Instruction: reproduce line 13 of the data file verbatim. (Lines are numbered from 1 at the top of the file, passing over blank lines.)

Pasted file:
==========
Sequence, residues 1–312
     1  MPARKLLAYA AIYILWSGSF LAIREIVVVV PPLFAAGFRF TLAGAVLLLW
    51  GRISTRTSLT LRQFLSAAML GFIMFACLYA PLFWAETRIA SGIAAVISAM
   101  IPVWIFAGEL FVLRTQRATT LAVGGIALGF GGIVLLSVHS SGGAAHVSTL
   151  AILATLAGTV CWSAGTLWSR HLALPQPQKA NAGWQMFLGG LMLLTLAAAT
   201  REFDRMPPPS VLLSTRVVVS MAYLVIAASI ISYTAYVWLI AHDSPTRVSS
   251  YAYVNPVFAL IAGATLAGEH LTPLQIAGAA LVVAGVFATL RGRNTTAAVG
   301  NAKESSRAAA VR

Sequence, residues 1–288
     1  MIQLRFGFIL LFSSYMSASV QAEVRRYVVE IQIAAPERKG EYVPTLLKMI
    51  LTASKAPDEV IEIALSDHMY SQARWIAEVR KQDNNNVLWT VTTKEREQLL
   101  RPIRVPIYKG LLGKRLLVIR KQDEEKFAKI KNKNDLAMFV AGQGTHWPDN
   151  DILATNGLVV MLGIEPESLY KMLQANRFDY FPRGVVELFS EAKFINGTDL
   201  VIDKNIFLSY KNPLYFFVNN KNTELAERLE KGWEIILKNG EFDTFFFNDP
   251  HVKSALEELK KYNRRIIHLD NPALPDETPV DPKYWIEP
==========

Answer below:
   151  DILATNGLVV MLGIEPESLY KMLQANRFDY FPRGVVELFS EAKFINGTDL